When you think of pageants, what springs to mind? Decorated crowns, dresses and sashes? “Toddlers and Tiaras”? On campus, it’s much more. The competition promotes the kind of personal and professional growth Boise State students and alumni have been demonstrating for decades.
“I really think that pageantry isn’t highlighted enough,” Jordan Naylor (’22) said. “We are a massive university. There are so many successful women within Boise State that pageantry has supported in some way. I hope it gets highlighted more on campus, and that girls decide to take that leap.”
Boise State has a long history of pageantry. Generations of graduates have taken on the challenge to represent their home states through performance and talent, earning scholarships in the process. The competition’s emphasis on perseverance, presentation and public speaking prepares young women for their future careers, and gives them advantages in leadership. Naylor, for example, who won Miss Alaska USA 2023, is using her experience and skills to get a leg up in life.
The Anchorage, Alaska native came to Boise State for the experience of a Division 1 university. She interned for the athletic department while earning a Bachelor of Business Administration in Marketing. Representing her home state for the first time in 2010 as Miss Alaska Coed Preteen, the title of Miss Alaska was a decade in the making for her. Now, preparing to represent Alaska nationally at Miss USA, she’s raising awareness of the importance of healthy lifestyles. Drawing on her student experience, Naylor advocates balancing work and life to maintain health, especially in education.
With a new career in marketing at San Antonio Winery in California, she said her experience competing for Miss Alaska has been fundamental to her success, from fine-tuning interviewing skills to professional networking. It also nurtured her taste for volunteerism and mentorship. With the experience and benefits from her time as Miss Alaska’s Outstanding Teen in 2012, Naylor has been given the opportunity to pass on her knowledge to the current Miss Alaska Teen USA, who she will see throughout her reign as Miss Alaska.
“Pageant girls are given the opportunity to really thrive in certain professional scenarios. They’re given the opportunity to learn and practice these skills.”Jordan Naylor (’22)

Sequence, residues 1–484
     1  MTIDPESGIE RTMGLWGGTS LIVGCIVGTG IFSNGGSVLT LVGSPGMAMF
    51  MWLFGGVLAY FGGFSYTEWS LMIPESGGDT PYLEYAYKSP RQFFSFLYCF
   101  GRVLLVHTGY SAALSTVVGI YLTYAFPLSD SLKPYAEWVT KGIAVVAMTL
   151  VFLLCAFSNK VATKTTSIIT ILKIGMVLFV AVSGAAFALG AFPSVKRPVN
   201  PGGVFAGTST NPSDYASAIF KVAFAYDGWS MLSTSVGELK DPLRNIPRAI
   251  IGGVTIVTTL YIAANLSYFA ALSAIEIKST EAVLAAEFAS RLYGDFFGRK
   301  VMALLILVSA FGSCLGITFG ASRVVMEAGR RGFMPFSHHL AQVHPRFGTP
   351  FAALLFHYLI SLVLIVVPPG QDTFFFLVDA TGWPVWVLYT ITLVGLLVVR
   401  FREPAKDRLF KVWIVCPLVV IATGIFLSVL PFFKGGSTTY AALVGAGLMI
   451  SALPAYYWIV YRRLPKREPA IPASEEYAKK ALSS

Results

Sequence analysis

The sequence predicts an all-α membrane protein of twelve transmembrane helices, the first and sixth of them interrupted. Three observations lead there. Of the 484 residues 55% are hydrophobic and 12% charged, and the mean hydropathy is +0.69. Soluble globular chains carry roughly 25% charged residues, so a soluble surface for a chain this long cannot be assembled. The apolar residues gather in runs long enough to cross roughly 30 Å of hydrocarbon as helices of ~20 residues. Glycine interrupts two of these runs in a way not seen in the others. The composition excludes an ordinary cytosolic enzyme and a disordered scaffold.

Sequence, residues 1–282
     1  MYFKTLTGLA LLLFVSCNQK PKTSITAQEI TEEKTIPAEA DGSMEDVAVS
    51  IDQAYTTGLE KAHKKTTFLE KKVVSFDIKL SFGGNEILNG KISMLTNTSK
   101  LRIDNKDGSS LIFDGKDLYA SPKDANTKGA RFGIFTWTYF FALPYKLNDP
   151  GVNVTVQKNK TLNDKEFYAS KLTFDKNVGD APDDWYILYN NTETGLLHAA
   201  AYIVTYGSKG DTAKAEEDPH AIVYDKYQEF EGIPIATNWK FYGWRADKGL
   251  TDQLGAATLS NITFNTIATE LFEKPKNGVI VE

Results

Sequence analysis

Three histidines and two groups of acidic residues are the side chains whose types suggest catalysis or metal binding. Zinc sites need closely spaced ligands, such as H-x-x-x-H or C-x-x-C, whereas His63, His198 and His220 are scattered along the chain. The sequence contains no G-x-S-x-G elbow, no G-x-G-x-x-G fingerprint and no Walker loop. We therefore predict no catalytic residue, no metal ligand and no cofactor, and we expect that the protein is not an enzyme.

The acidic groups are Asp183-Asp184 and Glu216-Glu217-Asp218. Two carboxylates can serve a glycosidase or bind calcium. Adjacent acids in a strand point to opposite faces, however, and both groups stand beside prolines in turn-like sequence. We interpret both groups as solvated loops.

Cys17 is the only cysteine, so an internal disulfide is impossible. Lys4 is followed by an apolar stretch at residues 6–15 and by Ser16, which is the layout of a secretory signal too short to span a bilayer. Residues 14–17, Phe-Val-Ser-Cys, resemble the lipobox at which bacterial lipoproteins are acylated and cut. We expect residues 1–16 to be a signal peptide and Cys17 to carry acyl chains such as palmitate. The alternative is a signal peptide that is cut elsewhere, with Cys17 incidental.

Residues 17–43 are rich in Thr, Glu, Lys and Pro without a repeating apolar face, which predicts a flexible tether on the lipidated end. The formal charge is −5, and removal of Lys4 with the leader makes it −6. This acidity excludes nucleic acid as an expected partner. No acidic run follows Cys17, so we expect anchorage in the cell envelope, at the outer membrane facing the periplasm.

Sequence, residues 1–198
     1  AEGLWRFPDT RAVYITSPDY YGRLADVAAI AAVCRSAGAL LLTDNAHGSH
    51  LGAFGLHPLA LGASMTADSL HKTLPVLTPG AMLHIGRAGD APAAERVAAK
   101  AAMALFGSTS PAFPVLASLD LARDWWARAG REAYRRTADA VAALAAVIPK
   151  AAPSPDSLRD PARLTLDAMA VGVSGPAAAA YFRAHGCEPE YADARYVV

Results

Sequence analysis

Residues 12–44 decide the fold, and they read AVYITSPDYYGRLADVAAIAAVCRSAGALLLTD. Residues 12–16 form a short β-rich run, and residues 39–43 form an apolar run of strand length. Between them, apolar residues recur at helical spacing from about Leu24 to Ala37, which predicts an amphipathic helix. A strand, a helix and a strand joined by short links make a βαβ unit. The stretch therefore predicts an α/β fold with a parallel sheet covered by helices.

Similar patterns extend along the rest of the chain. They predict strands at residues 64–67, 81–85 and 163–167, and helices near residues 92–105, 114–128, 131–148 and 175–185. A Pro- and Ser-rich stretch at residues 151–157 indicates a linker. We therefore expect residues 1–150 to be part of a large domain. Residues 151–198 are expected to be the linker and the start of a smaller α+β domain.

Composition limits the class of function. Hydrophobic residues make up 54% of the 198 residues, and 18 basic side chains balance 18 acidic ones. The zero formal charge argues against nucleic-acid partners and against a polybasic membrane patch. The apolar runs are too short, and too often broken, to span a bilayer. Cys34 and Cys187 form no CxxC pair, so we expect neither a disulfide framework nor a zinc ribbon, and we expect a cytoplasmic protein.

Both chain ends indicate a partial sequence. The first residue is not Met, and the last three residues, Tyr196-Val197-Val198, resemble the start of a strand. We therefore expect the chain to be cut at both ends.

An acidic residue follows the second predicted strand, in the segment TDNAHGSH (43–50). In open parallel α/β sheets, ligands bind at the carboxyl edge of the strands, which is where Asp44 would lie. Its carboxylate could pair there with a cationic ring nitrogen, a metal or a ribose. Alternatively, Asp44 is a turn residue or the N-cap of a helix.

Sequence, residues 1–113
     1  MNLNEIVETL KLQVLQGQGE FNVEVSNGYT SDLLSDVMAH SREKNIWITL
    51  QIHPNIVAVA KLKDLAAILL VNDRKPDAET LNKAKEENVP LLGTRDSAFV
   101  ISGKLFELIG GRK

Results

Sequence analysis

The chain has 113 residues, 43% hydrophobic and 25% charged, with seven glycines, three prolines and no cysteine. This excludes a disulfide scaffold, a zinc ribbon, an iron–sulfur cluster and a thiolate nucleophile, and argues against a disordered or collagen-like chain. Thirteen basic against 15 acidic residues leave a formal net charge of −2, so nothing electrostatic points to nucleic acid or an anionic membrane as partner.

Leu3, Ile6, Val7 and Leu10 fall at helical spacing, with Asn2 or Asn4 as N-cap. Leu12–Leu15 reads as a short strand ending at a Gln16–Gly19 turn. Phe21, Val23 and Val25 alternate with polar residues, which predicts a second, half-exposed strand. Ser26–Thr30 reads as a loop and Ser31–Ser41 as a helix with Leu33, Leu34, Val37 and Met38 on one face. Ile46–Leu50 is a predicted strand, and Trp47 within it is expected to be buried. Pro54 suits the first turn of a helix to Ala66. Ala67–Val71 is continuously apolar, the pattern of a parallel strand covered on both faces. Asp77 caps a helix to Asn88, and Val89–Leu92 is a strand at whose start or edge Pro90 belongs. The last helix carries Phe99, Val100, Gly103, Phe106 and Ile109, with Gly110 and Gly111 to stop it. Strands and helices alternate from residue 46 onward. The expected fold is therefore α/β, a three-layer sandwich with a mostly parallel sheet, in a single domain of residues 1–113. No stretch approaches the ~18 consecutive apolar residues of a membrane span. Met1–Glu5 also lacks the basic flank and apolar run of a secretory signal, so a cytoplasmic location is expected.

Boise State’s tradition of pageantry continues through students like Sarah Jensen. A full-time middle school teacher at Gem-Prep Meridian North, Jensen is Miss Idaho 2022. Crowned on her fifth and final attempt, she uses her title to represent educators everywhere with her social campaign “Why Math Matters.” Her appearances across the state amount to over 100 — including one at the Idaho State of the State Address. Jensen is on track to complete her Master’s in Educational Leadership at Boise State and has earned around $18,000 in scholarships competing for Miss Idaho.
“As someone who was going to school out of state at that time, and then pursuing graduate school later on in my journey, I felt like I needed that money to continue my education. That’s why I kept doing it, and I think it was very much worth it.”Sarah Jensen
Scholarships are one of the unsung lures of competing. Because of Miss Idaho-based scholarships, Stephanie (Smith) Churchman (’88), graduated debt-free from Boise State with a Bachelor of Business Administration in Marketing. Her time as Miss Idaho afforded her rare opportunities. Churchman received her title on live television in 1992 at the Morrison Center and attended events with the governor of Idaho. As a professional harpist, she had the chance to perform for President George H.W. Bush.
For a time, Churchman served as the executive director of the Miss Boise pageant. These experiences have helped her in her professional career, and she is now co-owner of numerous businesses with her husband and fellow Bronco, Kevin Churchman (’88). The Churchmans remain active at Boise State, tailgating together with friends and fellow Broncos, a few seasoned pageant girls among them. Stephanie likened it to “its own sorority.”
Camaraderie is at the heart of pageantry. Even while representing different hometowns and home states, these three agree that each competitor is a distinct “extension” of their national title-holder, to quote the words of Naylor, paraphrasing Miss America Teresa Scanlan.
“It doesn’t matter how tall you are, what color your hair is, or what size you are. You can have this experience of representing a state and giving back to the community, and all while perfecting skills you’re going to use for the rest of your life — and potentially pay for a college education as well.”Jordan Naylor (’22)